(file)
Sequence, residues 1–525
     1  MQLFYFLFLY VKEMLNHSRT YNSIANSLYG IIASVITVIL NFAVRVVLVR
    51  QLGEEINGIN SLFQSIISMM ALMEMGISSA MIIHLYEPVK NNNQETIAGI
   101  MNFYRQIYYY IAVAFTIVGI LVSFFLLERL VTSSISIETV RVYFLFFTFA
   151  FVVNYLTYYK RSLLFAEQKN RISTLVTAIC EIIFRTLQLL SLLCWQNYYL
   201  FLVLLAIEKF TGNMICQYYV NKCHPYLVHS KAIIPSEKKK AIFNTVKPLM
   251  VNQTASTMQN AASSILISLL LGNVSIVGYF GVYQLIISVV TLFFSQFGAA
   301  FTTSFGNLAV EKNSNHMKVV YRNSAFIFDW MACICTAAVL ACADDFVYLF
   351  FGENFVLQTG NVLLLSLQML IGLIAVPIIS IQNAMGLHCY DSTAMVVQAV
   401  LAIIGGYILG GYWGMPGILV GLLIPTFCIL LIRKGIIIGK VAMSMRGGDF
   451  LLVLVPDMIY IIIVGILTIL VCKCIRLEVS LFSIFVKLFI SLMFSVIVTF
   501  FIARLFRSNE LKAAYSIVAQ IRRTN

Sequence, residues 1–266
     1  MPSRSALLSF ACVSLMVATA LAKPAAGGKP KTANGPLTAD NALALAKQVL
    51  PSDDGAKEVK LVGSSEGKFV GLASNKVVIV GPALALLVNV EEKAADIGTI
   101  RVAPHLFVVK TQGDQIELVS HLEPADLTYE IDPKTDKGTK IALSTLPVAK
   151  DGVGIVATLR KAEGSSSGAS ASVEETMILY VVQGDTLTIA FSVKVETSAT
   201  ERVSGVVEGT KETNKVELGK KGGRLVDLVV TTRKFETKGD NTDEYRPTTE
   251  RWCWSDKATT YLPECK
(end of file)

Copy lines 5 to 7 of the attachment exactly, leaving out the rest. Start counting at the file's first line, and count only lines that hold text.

   151  FVVNYLTYYK RSLLFAEQKN RISTLVTAIC EIIFRTLQLL SLLCWQNYYL
   201  FLVLLAIEKF TGNMICQYYV NKCHPYLVHS KAIIPSEKKK AIFNTVKPLM
   251  VNQTASTMQN AASSILISLL LGNVSIVGYF GVYQLIISVV TLFFSQFGAA